Winery owner Joel Gott presented his portfolio of wines to a group of Binny’s employees recently it was good to be reacquainted with these wines. I’ve always considered the Joel Gott wines to represent a good value; the whole lineup retails at Binny’s at under $15, and they sure pack a lot of stuffing for the price. They’re able to make these good yet inexpensive wines by sourcing from producers who have excess juice, then blending different lots to fit a desired profile. Seems to be working well.
The whites I tasted are all very fresh and fruit-focused. They are aged in stainless steel tanks to maintain vibrant fruit qualities and precise acidity. The 2008 Sauvignon Blanc balances grassy freshness with citrus fruit for a refreshing and bright wine; pleasant if not overly complex. The 2008 Washington State Riesling (which isn’t available at Binny’s right now) has a sweet nose but is heavy and dry on the palate, showing good green apple fruit.
The 2007 Cabernet Sauvignon 815 is a value-focused cuvee. A slightly perfumed and herbal nose leads to a wine with good depth the plum fruit and tannic structure are in harmony for a balanced but not huge Cab. We also tasted the 2005 Gott Napa Cabernet Sauvignon, sourced entirely from Napa (also not available at Binny’s right now). It’s a little more intricate, showing good use of oak to balance with the big plum and cassis fruit.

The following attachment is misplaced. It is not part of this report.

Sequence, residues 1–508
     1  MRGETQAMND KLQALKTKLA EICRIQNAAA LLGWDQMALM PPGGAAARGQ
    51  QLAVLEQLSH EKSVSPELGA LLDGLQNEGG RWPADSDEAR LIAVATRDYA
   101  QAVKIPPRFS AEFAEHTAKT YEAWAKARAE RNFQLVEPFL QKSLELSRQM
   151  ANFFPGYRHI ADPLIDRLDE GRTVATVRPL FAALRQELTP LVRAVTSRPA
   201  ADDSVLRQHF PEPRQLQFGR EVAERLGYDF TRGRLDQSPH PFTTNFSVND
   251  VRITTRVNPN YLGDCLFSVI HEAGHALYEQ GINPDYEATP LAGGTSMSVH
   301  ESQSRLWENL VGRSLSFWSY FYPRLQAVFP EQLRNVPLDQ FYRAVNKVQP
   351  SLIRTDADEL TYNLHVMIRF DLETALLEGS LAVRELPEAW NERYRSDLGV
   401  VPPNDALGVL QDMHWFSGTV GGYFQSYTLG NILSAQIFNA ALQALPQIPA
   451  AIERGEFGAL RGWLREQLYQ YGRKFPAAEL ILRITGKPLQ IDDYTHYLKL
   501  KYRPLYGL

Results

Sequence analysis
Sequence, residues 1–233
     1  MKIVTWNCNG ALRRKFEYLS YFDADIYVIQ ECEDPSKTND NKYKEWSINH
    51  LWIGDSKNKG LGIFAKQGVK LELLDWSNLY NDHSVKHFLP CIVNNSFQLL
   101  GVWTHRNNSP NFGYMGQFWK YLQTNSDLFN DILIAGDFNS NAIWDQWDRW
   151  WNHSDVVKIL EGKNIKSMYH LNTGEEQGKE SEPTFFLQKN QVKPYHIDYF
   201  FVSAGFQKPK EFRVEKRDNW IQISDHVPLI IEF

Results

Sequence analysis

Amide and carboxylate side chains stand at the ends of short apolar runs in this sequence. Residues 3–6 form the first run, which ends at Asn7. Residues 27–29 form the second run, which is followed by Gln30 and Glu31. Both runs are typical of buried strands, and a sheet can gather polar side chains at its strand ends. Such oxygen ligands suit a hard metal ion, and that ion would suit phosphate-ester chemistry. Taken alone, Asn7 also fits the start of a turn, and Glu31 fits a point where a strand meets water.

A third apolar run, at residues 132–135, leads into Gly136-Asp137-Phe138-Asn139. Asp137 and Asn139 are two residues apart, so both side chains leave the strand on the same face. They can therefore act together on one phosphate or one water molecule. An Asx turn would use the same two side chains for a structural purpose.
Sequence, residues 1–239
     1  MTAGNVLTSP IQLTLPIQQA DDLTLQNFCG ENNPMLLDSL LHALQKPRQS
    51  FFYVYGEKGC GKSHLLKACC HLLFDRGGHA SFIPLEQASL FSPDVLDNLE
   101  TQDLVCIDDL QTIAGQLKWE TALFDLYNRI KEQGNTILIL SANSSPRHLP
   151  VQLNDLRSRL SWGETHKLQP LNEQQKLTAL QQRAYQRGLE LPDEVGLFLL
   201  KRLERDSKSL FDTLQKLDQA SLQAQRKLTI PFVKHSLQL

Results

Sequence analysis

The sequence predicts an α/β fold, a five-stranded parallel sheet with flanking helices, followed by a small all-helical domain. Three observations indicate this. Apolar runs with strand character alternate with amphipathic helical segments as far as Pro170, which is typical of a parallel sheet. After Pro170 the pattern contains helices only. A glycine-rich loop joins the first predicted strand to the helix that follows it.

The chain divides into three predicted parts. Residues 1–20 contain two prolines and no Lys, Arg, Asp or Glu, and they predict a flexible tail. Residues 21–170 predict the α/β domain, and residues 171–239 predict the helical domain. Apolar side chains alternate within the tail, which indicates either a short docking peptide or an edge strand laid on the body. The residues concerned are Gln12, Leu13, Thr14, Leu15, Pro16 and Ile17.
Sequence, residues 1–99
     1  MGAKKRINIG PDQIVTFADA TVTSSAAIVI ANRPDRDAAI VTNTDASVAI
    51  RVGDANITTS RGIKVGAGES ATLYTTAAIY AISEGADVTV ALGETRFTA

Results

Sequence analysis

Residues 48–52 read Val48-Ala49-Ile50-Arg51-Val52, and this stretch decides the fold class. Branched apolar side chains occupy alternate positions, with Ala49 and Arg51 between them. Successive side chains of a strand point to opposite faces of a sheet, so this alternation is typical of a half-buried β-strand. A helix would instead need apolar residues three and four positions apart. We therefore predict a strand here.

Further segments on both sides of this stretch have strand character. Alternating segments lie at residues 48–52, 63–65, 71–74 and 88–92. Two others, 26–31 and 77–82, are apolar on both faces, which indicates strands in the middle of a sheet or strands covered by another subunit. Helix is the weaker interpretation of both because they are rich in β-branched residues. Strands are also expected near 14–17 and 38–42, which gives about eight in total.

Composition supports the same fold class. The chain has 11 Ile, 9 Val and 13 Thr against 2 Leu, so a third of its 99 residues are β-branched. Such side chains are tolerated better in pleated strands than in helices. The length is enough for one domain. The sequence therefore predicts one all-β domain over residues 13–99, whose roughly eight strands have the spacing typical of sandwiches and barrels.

The Gott portfolio has always had a focus on Zinfandel we tasted the popular California Zinfandel as well as a few of the regional Zins that go into the cuvee. I’m not sure if they’re widely available as individual bottlings, and I’d tend to recommend the California blend itself as a great value. The whole range is textbook California zin plush fruit with peppery undertones and dry herb complexities. Retailing every day on Binny’s shelves at $14.99, this month the California Zinfandel is on sale for $12.99.
Recently, Joel Gott Wines entered into a distribution partnership with industry giant Trinchero (known best for brands like Sutter Home and Folie à Deux) a group he’s had experience with before in his involvement in Three Thieves. The hope is that with the Trinchero sales force, Gott (and his winemaking wife Sarah) can focus more on sourcing and blending great wines for their growing brand. He says that while production is sure to increase, the quality of the wines they make will remain great.